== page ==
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The refectory

refektoorium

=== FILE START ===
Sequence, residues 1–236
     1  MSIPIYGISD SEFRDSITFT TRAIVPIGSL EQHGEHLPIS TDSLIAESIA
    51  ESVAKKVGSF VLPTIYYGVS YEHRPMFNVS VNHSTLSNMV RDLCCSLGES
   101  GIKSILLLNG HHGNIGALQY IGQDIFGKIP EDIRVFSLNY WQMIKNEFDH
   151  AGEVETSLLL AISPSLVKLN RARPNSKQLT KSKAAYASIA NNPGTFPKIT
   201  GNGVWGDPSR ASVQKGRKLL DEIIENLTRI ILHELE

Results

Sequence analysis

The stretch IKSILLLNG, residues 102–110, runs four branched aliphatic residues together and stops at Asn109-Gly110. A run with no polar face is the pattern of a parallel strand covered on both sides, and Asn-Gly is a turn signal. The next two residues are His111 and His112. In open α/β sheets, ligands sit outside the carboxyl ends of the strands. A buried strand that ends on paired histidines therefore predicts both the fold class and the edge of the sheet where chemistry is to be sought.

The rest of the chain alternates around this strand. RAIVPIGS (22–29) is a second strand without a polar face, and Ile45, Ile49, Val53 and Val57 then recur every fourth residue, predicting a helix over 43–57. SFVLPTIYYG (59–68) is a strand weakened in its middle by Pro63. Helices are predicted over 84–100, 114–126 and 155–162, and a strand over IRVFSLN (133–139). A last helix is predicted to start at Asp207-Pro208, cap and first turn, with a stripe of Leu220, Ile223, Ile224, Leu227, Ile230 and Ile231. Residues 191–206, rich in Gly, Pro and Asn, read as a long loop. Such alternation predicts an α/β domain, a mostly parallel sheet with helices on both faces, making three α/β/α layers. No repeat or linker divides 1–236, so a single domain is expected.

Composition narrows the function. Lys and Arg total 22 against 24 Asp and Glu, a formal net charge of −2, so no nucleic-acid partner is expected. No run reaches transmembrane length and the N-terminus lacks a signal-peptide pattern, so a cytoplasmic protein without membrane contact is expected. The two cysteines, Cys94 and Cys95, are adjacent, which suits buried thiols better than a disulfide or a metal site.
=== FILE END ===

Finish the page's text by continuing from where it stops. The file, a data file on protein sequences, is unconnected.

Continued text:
The refectory (latin refectorium) was a common dining room for the knights. Because the rules of the order demanded a structured collective lifestyle, the meals were had at specific times. The knights had a two course hot meal twice a day with bread and a half pint of wine served on the side. Meat was usually served on Tuesdays, Wednesdays, and Sundays, except during religious holidays. On Sunday, meat was allowed for both meals. Vegetable-based or similar dishes were served on Monday, Thursday, adn Saturday, Friday was a fasting day. During the meals the Scriptures were read, therefore total silence was demanded in the refectory. The knights used hand signals to communicate during meals. Refectory also serced as a ceremonial room for gatheringsand it was usually located in the southern wing of the building. Nowadays, organized banquets take place in the refectory where dishes, preared according to medieval recipes at the kitchen of Schenkenberg Inn, are served. Smaller dinner parties find themselves in the Scottish chamber, named after the Scotsman who died during the siege of 1574.